Based on the early life of Bob Dylan, Baron Wormser’s Songs from a Voice is a meditation on the nature of poetry and identity in the evolving culture of America’s mid-twentieth century.
Abe grows up in lower middle class Jewish family in rural Minnesota. He rejects the proposed purpose of school and work, preferring to immerse himself in blues and folk and the emerging genre of rock music. He spends more time at the jukebox than he does with his family, and nowhere more than in his own head. His observations, collected in vignette-like chapters, detail the landscape of songwriting and performing, individuality and the collective morality, and the steadfast ideologies of the American Midwest.
As he navigates what he sees as the meaninglessness of a life lived in the status quo, Abe experiments with ways of searching for his own identity. He’s told that he’s a failure if he doesn’t do well in school, “make a life for himself” with a steady job, and start a family. When he discovers sunglasses, he wears them indoors and out, and he sees each new successful rock musician as a shift toward America’s “great awakening.”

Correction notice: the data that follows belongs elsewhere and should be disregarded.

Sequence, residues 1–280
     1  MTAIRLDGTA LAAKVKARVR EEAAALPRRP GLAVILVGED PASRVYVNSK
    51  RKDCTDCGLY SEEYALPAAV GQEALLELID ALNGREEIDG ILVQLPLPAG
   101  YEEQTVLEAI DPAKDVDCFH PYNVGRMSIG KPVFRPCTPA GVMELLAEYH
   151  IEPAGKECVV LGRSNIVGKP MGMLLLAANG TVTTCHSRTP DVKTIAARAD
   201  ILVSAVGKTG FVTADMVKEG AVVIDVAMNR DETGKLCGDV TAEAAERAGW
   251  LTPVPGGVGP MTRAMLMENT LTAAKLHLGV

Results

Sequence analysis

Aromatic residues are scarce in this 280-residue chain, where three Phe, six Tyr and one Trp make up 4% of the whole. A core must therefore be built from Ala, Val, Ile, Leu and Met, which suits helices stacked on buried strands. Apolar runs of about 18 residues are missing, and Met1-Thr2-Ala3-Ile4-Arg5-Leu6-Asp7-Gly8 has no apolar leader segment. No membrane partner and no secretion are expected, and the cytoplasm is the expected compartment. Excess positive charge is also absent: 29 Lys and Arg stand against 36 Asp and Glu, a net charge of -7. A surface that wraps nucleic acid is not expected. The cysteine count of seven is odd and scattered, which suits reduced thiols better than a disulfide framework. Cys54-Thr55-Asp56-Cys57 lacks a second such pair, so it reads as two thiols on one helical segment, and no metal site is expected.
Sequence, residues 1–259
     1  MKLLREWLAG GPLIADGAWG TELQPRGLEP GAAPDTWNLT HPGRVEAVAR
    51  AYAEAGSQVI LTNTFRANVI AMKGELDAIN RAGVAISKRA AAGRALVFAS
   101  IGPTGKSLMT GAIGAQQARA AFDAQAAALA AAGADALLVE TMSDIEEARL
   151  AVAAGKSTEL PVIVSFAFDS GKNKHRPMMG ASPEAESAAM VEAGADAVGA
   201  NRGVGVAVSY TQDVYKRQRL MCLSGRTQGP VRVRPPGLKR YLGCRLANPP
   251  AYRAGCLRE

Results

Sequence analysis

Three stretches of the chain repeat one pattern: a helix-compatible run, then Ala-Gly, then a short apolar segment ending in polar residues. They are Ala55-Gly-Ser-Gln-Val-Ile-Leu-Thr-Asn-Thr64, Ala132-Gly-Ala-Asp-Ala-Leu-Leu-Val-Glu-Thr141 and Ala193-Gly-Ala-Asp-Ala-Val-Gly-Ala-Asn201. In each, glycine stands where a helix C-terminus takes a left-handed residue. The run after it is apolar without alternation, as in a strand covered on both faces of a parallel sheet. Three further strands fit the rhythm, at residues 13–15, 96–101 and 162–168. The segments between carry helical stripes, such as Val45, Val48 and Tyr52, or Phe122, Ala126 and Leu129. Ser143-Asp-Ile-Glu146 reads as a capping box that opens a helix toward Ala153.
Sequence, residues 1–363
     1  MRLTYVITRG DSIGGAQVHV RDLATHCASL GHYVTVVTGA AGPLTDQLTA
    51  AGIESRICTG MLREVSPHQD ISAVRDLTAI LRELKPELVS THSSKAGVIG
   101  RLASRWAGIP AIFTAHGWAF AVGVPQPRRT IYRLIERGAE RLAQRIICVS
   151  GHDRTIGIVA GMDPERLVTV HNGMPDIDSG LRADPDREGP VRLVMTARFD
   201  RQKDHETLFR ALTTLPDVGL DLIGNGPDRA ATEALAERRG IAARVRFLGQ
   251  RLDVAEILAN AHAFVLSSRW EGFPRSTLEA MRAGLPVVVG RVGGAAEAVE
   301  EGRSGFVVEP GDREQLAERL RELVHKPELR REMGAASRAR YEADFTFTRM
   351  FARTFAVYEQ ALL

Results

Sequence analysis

Abe’s own music isn’t about defining meaning; instead, he identifies the nonsense of social niceties and suggests that nihilism is realistic. His interrogations of American culture, both through snippets of poetry and in his journal-entry-like chapters, are both lyrical and poignant. Rhythm speaks to the body, he says: people can’t help tapping their toes along to a good blues tune. Rhyme, he claims, works to answer the great question that poetry asks: “What does one thing have to do with another?”
Songs from a Voice dramatizes a rebellious musician’s life with observations that are both stark and striking.
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